Yes, numbers matching matters when trying to get top dollar at auction for a 100-point restoration '58 GH. Have you verified via the production order your car still has the original block.? Many Studes don't. Not that long ago even a '58 GH was just an orphan used car and was kept running by swapping in whatever running used engine was handy. I've seen them with 232" and 259" in there; even an Avanti R2 with a 259" short block.

          No, for a driver, it doesn't make a lot of difference in value. All '55-64 Studebaker V8 blocks are interchangeable. Some would consider a full-flow '62-64 block to have added value to a '58 GH.

          Maybe, find out WIGO. Some block cracks are easily repaired via Lock-N-Stitch method. Some are very expensive repairs.

          FWIW, Studebaker steel shim head gaskets can rust out. It's easy to put pressure on the cooling system and determine if it's leaking.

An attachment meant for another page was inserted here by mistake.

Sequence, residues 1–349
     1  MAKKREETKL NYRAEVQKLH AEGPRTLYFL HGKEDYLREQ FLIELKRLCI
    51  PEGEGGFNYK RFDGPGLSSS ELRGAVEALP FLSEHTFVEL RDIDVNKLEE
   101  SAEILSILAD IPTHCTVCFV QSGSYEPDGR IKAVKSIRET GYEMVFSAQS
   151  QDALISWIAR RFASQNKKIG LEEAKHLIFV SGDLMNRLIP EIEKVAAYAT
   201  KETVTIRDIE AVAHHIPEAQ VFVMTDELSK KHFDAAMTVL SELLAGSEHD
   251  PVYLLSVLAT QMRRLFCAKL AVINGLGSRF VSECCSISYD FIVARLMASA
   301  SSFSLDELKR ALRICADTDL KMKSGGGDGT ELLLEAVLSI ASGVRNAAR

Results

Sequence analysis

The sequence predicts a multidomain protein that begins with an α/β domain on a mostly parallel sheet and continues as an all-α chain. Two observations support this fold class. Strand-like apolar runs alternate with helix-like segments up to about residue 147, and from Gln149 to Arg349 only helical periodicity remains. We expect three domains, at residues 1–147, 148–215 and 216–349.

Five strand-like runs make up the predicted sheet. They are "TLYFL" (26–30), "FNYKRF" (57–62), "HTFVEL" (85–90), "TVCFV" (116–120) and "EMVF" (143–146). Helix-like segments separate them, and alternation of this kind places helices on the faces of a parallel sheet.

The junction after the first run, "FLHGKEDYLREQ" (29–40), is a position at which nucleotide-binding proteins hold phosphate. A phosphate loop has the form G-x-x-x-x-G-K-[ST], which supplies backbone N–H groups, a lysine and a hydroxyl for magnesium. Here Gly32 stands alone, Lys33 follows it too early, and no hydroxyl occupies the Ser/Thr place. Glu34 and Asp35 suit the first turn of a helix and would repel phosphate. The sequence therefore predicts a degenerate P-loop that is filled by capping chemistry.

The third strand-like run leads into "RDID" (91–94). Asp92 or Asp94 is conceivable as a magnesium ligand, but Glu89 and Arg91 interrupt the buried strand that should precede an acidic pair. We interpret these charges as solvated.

jack vines
          PackardV8

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          • #6
            I would ask a known Studebaker expert in your area (and there are a bunch there!) for their advise &/or help with your problem. One thing about this group is you have a great bunch of guys willing & able to help. If you had gone to the LaPalma meet this past sunday you could have gotten a bunch of valuable info & recommendations of what to do & who to see.
            59 Lark wagon, now V-8, H.D. auto!
            60 Lark convertible V-8 auto
            61 Champ 1/2 ton 4 speed
            62 Champ 3/4 ton 5 speed o/drive
            62 Champ 3/4 ton auto
            62 Daytona convertible V-8 4 speed & 62 Cruiser, auto.